Charity fundraiser plays key role in how finale of ‘Celebrity Apprentice’ endsBy AP
Monday, May 11, 2009
Fundraiser key in ‘Celebrity Apprentice’ finale
NEW YORK — Comedian Joan Rivers was hired and poker champ Annie Duke was fired on the final faceoff of “Celebrity Apprentice.”
Rivers beat out Duke on Sunday’s finale by planning a better fundraising gala — and, maybe, by launching better zingers at her rival.
Rivers won $250,000 for her chosen charity (God’s Love We Deliver, which brings meals to the seriously ill who are homebound). She also won sweet revenge against her bitter adversary, with whom she swapped many less-than-charitable words as the season wore on.
NBC’s over-padded three-hour broadcast eventually led to Duke being summoned to the decisive boardroom session, aired live from Manhattan’s Museum of Natural History. There, she heard the dreaded verdict from series host Donald Trump: “You’re fired.”
But before that, as she and Rivers sat across the boardroom table from Trump, the fur continued to fly.
“You are a two-faced person,” Rivers railed at Duke. “You have said I’m a cancer. You said you hoped I would die. You never said it to my face!”
“For six boardrooms,” said Duke, holding tight to her composure, “I sat here and acted professional.”
“Professional-ly,” Rivers corrected her.
“And there’s only so much a girl can take,” Duke continued.
“You’re not a girl anymore, darling,” Rivers shot back. “You’re a woman.”
Rivers and Duke were the last of 16 celebrities who started the season vying for the title of Celebrity Apprentice.
In its eighth season, “Celebrity Apprentice” has displayed remarkable stamina as a reality-show infomercial whose mission, in the form of a contest, is to plug brand names. Last week’s challenge called for the celebrity contestants to come up with the winning jingle to promote a certain brand of tuna. Sunday’s finale was built around a photography brand piggybacked onto product placement for a popular theater production.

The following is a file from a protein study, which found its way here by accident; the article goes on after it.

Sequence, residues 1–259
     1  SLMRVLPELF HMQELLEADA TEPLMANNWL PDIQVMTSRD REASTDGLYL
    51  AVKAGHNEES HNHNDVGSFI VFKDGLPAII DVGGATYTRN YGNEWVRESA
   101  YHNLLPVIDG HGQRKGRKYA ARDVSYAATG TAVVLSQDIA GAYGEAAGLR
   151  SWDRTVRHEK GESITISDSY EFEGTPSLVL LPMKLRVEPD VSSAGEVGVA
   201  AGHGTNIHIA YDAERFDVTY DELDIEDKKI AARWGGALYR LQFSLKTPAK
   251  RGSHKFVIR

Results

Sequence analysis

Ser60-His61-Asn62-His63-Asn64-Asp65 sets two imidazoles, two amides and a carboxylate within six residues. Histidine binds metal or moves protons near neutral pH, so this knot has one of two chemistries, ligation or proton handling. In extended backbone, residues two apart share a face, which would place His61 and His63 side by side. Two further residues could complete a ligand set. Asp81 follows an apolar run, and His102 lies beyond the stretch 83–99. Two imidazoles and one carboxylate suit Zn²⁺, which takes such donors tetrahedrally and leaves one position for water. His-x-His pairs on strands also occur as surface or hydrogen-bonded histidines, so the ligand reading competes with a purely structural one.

“Celebrity Apprentice” is also dedicated to breathing new life into the brands of the celebrity participants themselves, who, as this season began, included Olympic figure skating gold medalist Scott Hamilton, comedian Andrew Dice Clay, former “Monster Garage” host Jesse James and TV personality Khloe Kardashian.
For the final task, dueling project managers Rivers and Duke were assigned to create a pre-theater party and silent auction, sponsored by Kodak, for patrons attending Cirque du Soleil’s “Wintuk.”
Project teams were composed of previously fired contestants including former football great Herschel Walker, Playboy pinup Brande Roderick, country music performer Clint Black, former NBA basketball bad boy Dennis Rodman, comedian Tom Green and TV host Melissa Rivers, reunited with her mom, Joan.
Difficulties (and enmity between the teams) spiked when Rivers tangled with the design firm that had been hired to assist both teams. The company pulled out on Rivers’ team — and Duke’s team, too.
“This woman needs to die,” Duke seethed as she tried to fix a problem she blamed on Rivers.
But now that the game is over, can the rift between them heal? In the show’s final seconds, Rivers rose to her feet and gave Duke, still seated beside her, a hug.
NBC is owned by General Electric Co.
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